The Greenwood High School gymnasium was nearing completion under the Works Progress Administration (WPA) as it was known to a pre-war generation of Americans.
It was being reported in the "Bulldog Spotlight" newspaper, a school paper being organized for teams 1938-1939. A news staff was elected to organize the Greenwood school newspaper.
The name "Bulldog Spotlight" was submitted by Tommie Robison and chosen for the name. Work on the Greenwood High School gymnasium stated on March 26, 1937, shut down on June 30th and stated up again after workers were hired by the WPA. Supervisor of the WPA project was V. A. Gramlich, the school newspaper stated.
There was steady work in the Greenwood area for 32 men. The cost of the High School gym was $32,000. $7,000 less than gymnasiums of this type of construction of which some of them still stands today, all due to the Works Progress Administration (WPA) crews and the supervision of the WPA project.
The Greenwood gym consisting of a seating capacity of 2,500, containing 2 class rooms, a music room, band room, stage and bleachers. Also, a basketball court, heating unit, a basement, 5 showers and 9 lockers. A stage to be used for Play Practice, Expression and Auditorium subjects.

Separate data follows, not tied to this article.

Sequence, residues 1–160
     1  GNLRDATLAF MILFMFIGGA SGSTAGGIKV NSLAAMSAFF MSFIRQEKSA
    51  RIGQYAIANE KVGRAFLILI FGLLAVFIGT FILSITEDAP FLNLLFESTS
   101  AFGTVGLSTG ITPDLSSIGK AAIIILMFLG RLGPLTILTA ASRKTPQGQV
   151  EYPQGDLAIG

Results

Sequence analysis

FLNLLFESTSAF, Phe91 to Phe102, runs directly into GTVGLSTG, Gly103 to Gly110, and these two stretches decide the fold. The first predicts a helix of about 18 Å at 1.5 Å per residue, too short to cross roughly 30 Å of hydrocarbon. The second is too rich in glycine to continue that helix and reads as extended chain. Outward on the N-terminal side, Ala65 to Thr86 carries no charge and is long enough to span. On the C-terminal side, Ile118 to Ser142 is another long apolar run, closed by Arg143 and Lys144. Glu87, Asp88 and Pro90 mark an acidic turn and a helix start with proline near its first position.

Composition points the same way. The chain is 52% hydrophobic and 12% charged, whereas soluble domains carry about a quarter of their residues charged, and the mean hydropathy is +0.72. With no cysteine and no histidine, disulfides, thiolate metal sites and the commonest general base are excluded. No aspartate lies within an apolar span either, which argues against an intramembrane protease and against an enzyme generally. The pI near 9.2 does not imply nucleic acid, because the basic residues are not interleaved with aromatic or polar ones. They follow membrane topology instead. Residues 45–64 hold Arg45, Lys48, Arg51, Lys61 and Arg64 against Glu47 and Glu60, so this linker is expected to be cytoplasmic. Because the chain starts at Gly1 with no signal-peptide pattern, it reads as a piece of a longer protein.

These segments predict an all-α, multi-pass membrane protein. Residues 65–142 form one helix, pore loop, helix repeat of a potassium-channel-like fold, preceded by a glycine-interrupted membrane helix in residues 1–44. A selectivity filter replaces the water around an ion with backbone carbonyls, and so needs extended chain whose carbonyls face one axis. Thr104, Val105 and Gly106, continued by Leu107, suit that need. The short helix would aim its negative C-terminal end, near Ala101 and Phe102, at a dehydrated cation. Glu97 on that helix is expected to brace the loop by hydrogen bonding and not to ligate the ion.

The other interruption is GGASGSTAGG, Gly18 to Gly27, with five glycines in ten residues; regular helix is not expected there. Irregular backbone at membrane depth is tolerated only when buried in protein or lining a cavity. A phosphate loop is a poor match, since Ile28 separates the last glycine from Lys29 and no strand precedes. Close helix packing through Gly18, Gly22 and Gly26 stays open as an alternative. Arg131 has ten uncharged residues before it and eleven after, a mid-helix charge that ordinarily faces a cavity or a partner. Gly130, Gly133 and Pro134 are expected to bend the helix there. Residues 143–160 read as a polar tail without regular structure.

The WPA was born on March 21, 1935, a first term vision of President Franklin D. Roosevelt, whose primary vision at the time was to put America’s 5 million able-bodied but destitute unemployed back to work.
Soon WPA projects were thriving in all states. Employment for millions during the Great Depression. The WPA started paving rural roads benefiting the farmers so they could get their crops to market.
WPA hired 8.5 million workers and spent 11 million dollars over a period of 8 years to pave highways, to build and repair bridges.
The project hired carpenters to build creative landmarks and workers to serve lunches to school children.
The "Bulldog Spotlight" also reported that a sidewalk project got underway on July 20, 1938 under the sponsorship of the National Youth Administration (NYA) and work of Greenwood townspeople under the supervision of W. B. Carter. Sidewalks were built on both sides from school to downtown Greenwood.
The WPA folded after the start of the war devoting itself mostly to military related projects. With unemployment at zero, WPA lost it’s reason for survival ending in 1943, credited with hiring able-bodied but destitute men in the building and completion of landmarks such as LaGuardia in New York and Washington’s Reagan national Municipal airport. Also, on the list is: Camp David, San Antiono’s River Walk and the Cow Palace in San Francisco.
Greenwood’s High school gymnasium… where the first time in history of Greenwood schools the WPA project made it possible for the basketball players and the citizens of Greenwood to boast of an adequate indoor 42 feet by 74 feet basketball court.